[25] El Hachimi, M.L., Fekhaoui, M., El Abidi, A. and Rhoujatti, A. (2014) Contamination des sols par les métaux lourds à partir de mines abandonnées: Le cas des mines Aouli-Mibladen-Zeida au Maroc. Cahiers Agricultures, 23, 213-219.
[26] Smedley, P.L. and Kinniburgh, D. (2001) A Review of the Source, Behaviour and Distribution of Arsenic in Natural Waters. Applied Geochemistry, 17, 517-568.
[27] Salvarredy, M. (2008) Contamination en métaux lourds des eaux de surface et des sédiments du Val de Milluni (Andes Boliviennes) par des déchets miniers: Approches géochimique, minéralogique et hydrochimique. Thèse de Doctorat, Université de Toulouse, Toulouse.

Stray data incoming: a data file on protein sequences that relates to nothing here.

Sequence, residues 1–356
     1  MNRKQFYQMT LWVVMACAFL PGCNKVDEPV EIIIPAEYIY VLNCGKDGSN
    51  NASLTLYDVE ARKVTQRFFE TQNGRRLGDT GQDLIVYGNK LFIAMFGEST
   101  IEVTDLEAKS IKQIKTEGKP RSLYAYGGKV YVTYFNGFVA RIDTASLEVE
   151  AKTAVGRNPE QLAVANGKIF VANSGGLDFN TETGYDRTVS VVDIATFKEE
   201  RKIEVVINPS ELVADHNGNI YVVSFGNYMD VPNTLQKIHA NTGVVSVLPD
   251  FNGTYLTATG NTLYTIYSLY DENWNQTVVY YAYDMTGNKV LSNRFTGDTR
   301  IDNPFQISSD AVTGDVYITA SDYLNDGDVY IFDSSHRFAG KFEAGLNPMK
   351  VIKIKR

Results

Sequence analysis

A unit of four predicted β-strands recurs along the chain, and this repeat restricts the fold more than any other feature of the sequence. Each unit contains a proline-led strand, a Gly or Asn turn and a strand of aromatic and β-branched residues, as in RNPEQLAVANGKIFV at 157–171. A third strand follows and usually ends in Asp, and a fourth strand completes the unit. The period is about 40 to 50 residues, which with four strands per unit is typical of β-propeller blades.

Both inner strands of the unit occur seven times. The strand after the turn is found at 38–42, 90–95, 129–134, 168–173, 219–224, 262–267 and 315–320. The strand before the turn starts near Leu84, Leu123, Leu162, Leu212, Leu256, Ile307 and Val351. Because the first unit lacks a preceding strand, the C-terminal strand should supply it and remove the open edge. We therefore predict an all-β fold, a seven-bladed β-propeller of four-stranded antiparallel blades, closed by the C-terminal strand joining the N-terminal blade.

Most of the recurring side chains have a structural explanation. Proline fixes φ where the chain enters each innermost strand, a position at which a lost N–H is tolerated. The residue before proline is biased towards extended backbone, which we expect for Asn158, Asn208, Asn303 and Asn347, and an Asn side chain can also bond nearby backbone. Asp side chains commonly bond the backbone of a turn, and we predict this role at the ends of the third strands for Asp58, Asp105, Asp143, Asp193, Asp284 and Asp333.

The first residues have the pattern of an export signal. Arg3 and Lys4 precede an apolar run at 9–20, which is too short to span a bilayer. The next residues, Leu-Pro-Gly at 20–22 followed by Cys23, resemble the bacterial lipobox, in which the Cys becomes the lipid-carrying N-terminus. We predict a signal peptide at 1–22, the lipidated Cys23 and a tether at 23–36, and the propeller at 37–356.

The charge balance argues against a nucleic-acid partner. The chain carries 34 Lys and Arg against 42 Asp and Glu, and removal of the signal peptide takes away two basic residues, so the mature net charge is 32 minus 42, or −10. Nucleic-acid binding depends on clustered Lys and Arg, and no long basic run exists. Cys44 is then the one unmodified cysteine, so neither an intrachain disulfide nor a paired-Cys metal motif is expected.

[28] OECD (1996) Sources of Cadmium in the Environment. OECD Publishing, Paris.
[29] Smedley, P.L. and Kinniburgh, D.G. (2002) A Review of the Source, Behaviour and Distribution of Arsenic in Natural Waters. Applied Geochemistry, 17, 517-568.

Copyright © 2024 by authors and Scientific Research Publishing Inc.

Creative Commons License

This work and the related PDF file are licensed under a Creative Commons Attribution 4.0 International License.